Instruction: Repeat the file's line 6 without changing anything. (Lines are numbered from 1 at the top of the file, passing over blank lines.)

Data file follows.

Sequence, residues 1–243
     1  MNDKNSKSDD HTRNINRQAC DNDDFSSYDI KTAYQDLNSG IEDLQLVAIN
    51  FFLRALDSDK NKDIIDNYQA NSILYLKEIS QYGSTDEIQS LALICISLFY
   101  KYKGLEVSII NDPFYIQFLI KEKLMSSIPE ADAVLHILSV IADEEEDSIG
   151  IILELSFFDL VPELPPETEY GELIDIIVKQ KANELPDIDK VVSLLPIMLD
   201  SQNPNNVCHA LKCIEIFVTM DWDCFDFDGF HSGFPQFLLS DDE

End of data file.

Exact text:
   201  SQNPNNVCHA LKCIEIFVTM DWDCFDFDGF HSGFPQFLLS DDE